Those involved in the program described their efforts as “connecting the dots” between those who need the services with the local resources that are available.
The police department’s budget includes $50,000 for the paramedic program.
Paramedics will provide a variety of medical and support services – health assessments, chronic disease monitoring and education, medication compliance, immunizations and vaccinations, lab sample collection, hospital discharge follow-up care and other care transitions, connection to community resources, coordination with home care providers, wound care, health coaching, advance care planning, motivational talks, home safety and more.
Under the agreement, the city agreed to pay North Memorial a fee of $85.28 per hour for each paramedic providing service. North Memorial reserves the right to increase the rate by up to 3% each year.
Neighborhood boundaries to be changed
The council gave final approval to change the boundaries of the wards represented by the five members of the city council.
State law requires that congressional, legislative, county, and city electoral district boundaries be redrawn every 10 years after the census.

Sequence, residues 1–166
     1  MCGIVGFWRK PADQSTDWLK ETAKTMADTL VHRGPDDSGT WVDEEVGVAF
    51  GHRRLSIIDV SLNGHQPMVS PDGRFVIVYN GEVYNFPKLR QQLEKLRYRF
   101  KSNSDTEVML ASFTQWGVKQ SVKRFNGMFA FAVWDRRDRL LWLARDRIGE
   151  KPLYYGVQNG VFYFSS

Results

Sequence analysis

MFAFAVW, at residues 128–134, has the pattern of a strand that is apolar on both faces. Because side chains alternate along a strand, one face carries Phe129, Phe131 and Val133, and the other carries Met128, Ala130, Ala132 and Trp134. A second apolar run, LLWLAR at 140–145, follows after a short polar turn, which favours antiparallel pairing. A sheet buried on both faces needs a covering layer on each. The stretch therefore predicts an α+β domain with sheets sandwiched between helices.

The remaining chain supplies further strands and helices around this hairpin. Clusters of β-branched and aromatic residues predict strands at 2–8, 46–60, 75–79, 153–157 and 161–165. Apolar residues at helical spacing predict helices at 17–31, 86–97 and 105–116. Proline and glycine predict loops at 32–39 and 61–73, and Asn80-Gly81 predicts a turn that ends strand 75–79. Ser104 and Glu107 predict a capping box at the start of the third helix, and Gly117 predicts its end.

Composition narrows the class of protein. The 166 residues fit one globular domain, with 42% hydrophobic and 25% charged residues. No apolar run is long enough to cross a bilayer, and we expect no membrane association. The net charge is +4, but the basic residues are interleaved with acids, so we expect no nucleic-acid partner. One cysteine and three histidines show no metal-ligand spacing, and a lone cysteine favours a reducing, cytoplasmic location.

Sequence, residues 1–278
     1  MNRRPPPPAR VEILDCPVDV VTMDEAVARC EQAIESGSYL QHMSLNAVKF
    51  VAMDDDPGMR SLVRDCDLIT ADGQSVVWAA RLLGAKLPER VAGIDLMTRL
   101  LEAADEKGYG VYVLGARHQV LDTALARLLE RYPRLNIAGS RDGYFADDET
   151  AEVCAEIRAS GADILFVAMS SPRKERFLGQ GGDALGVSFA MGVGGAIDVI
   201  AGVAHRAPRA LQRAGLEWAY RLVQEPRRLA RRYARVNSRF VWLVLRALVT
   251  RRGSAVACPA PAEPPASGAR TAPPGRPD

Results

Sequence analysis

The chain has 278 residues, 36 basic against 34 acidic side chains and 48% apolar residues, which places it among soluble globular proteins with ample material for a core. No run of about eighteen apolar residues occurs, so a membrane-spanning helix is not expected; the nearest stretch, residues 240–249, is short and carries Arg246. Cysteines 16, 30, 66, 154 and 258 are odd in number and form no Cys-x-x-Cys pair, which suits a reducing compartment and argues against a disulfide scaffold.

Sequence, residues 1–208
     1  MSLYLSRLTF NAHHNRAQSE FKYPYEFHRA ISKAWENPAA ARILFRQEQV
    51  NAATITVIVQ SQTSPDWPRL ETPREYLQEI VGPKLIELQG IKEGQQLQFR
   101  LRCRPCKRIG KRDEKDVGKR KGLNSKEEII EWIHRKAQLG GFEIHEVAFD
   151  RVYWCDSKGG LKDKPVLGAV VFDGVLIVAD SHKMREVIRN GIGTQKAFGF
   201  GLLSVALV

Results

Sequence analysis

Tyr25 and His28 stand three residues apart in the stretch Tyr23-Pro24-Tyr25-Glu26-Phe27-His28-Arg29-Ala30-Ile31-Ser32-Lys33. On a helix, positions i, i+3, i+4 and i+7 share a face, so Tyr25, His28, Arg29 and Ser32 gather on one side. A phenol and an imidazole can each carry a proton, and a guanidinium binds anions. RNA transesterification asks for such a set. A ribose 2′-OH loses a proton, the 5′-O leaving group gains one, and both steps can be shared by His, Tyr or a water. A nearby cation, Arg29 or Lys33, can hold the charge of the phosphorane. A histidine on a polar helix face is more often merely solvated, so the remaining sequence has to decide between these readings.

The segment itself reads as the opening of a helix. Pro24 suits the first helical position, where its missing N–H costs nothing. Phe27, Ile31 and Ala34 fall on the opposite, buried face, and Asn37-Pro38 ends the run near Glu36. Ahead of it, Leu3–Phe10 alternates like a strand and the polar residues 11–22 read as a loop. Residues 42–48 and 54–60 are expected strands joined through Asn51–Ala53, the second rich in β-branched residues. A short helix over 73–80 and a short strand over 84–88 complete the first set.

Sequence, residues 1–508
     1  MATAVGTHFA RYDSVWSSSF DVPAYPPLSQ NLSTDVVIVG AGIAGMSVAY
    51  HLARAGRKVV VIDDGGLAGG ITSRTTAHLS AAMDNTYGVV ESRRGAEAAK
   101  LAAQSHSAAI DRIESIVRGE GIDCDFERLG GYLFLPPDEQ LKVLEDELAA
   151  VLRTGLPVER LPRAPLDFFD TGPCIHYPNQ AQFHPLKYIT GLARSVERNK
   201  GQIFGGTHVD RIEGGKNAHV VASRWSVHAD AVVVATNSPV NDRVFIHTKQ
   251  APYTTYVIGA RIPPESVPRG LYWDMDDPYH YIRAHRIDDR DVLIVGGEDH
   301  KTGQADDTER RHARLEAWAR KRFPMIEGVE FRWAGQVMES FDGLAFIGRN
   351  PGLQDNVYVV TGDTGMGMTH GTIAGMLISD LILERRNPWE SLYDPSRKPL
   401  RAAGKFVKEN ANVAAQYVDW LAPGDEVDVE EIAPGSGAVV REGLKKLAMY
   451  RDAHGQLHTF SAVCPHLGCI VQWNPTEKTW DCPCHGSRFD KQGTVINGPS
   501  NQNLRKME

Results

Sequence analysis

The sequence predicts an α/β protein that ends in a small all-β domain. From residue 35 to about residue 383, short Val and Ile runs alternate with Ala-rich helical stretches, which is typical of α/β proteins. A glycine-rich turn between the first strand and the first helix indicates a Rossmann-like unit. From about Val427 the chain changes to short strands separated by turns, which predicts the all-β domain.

The goal is to have roughly the same number of voters in each ward. City planner Mike Weber said that since the 2020 census pegged Alexandria’s population at 14,335, the ideal goal would be to have 2,867 residents in each of the five wards. He said the limits approved at the meeting are very close to that mark.
The new map showing the neighborhoods is on the city’s website, https://alexandriamn.city.
In a related action, the council designated the polling places for the city’s constituencies:
- Ward I Lake Community Church (490 Voyager Drive).
- Ward II Reach Church (1310 North Nokomis).
- Ward III New Life Christian Church (1910 County Road 82 SE).
- Ward IV Church of St. Mary’s (420 Irving Street).
- Alexandria Ward V City Hall (704 Broadway).
Liquor store loans have been repaid
The council agreed to repay the loans for the two city-owned liquor stores that total $191,685.
The liquor stores used the city’s revolving loan funds to take out the loans, which were used for sidewalk improvements, energy conservation projects and building renovations. The loans were contracted in 2009, 2017 and 2019.
Stores’ cash positions will allow loans to be repaid without disrupting the cash flow they need to operate, according to city chief financial officer Jane Blade.
Downtown Liquor’s cash balances are $412,497 and Plaza Liquor has a balance of $782,503.
Shoreland Change Gets Final Approval
The council has given final approval to amend the City Shoreline Ordinance to create an overlay district for an unnamed basin near County Road 46 near Pilot Truck Stop.
The new layout will allow the city to expand its industrial park area.
The change will also increase minimum lot sizes for industrial uses and provide more restrictive provisions for impervious surfaces, private structure setbacks and native grass buffers.
Although the property, which is between 400 and 450 acres, is considered a public lake, it is more of a wetland going through a drying cycle because there is no water in it.